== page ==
need to work closely with teachers and educators who understand
In addition, we have learnt from our work that by forming partnerships
and links within the formal education community (e.g. other schools)
and with institutions, industries, and organizations outside the
formal system (e.g. museums and galleries, business, media, community
groups), our learning structures and knowledge base are enriched
and extended. As networking technologies become increasingly accessible,
the walls separating school, work, and community begin to dissolve
and their activities mutually reinforce one another. These observations
will have implications for how cultural institutions design and
implement their outreach programs.
The Global Gathering Place is a project that is more than simply
making the MHSO's resources available electronically. It is a site
providing real and meaningful resources that will enrich the learning
experiences of our students. As the site grows and becomes interlinked
with other learning and cultural institutions, it will evolve into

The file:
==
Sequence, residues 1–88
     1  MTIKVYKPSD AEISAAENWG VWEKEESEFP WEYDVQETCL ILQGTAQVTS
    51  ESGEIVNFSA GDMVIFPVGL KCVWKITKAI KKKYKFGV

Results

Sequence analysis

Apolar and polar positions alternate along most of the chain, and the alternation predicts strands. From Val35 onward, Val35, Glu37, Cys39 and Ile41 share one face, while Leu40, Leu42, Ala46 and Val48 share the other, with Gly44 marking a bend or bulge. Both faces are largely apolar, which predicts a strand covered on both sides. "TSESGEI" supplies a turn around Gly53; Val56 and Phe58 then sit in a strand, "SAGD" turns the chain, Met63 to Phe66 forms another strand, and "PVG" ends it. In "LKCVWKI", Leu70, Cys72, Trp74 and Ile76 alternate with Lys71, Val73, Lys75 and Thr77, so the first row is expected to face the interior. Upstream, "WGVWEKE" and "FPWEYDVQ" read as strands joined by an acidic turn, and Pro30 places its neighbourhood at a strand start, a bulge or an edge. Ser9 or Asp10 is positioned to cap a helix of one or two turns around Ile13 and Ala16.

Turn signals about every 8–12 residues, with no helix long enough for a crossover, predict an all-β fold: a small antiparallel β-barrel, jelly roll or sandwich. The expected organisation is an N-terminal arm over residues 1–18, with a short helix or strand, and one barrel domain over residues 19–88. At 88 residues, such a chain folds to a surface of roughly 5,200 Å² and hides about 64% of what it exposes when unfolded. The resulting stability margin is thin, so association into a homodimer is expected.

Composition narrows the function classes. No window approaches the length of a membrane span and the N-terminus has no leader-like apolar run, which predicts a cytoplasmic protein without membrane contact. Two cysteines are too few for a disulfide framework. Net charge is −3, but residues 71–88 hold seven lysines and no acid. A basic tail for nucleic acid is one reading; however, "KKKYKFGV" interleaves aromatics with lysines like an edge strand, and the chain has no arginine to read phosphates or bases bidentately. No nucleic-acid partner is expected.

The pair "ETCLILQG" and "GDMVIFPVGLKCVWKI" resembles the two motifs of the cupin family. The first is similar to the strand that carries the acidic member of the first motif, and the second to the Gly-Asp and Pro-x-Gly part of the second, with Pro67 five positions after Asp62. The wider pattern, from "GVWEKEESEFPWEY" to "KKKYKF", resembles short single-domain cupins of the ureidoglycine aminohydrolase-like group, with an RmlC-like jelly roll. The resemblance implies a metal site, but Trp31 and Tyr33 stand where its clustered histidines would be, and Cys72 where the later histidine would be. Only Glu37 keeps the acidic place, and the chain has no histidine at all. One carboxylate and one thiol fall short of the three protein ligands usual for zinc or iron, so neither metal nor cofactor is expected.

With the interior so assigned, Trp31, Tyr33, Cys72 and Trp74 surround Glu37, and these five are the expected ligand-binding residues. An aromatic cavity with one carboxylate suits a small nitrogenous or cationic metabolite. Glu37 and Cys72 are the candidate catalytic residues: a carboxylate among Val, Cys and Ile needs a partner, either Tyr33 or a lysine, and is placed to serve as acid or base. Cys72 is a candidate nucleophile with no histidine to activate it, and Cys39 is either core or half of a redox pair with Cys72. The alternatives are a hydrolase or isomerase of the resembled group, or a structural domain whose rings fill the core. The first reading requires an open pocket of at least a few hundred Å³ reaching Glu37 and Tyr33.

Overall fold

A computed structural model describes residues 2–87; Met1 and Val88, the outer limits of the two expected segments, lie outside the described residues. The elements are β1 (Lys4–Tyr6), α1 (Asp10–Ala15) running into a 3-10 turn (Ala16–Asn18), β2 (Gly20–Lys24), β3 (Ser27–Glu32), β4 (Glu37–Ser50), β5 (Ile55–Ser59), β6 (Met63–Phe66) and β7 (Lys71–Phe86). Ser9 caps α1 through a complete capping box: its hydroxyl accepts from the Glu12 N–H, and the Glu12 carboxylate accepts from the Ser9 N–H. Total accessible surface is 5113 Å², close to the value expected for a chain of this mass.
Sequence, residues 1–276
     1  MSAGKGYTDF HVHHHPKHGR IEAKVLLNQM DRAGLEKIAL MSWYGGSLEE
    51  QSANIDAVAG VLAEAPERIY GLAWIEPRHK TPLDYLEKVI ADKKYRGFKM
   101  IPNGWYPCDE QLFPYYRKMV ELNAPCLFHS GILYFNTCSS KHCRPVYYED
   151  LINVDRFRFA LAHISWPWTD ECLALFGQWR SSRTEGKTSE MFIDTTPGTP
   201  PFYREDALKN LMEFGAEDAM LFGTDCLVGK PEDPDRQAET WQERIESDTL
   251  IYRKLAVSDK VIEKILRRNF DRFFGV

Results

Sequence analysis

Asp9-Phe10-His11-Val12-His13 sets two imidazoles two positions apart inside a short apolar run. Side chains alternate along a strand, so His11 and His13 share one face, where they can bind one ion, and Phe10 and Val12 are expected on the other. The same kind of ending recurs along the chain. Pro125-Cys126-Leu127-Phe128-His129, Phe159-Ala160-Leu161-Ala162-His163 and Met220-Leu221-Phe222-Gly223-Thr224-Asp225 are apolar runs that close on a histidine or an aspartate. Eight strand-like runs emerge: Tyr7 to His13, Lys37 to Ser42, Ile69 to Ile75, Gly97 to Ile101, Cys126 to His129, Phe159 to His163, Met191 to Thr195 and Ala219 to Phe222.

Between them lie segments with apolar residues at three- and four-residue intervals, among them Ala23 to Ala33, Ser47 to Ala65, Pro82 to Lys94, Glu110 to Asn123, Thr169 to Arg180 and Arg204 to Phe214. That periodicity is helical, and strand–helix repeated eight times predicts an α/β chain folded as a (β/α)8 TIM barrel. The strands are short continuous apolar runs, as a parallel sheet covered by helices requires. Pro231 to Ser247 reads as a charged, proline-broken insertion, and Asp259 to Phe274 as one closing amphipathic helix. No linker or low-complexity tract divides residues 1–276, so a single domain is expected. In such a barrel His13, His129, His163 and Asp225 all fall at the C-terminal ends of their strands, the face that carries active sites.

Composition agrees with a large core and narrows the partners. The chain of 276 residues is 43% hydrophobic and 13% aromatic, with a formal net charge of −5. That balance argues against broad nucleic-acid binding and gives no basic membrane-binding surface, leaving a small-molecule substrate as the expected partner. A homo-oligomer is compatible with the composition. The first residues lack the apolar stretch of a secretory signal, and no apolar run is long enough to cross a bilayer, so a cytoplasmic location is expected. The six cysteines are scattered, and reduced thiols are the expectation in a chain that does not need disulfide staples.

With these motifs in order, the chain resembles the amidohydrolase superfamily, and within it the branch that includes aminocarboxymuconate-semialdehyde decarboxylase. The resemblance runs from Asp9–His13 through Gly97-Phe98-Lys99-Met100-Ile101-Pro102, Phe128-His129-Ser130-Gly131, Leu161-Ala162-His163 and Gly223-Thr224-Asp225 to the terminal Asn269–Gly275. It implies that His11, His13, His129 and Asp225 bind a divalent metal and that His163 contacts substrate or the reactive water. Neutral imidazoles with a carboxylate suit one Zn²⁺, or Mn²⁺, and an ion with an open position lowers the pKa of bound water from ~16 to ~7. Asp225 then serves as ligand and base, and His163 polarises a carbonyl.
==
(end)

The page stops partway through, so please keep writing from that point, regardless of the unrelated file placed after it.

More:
a "virtual learning space" where students interested in
specific aspects of Canada's multicultural history can find all
pertinent information that may originate from diverse, geographically
disperse institutions and sources.
George MacDonald, Executive Director of the Canadian Museum of
Civilization, remarked that "the story of Canadian heritage
is like a big jigsaw puzzle, lying around in pieces. The museums
in this country are each keeper of some of the pieces. Libraries,
archives, universities, historic sites - they too hold some of the
pieces. By creating digital representations of the various pieces,
we get a shot a putting the parts of the puzzle back together and
seeing the whole picture." (Cited in the Ottawa Journal, 11/6/94)
The alliance between the MHSO and the CITD will provide many key
pieces of the globally and historically unique puzzle that is Canadian
We thank Dora Nipp, Nick Harney, Lillian Petroff, and Carl Thorpe
of the MHSO for their support and collaboration. Thanks to the many
students and teachers of the EdNet2 for their continual support:
Robin Mercer (Pearson C.I.), Rick Brown and Jyoti Sanwalka (Heritage
Park P.S.), Howard Gross (Stephan Leacock C.I.), and Doug MacMillan
(Midland. C.I.). We are grateful for the editorial assitance of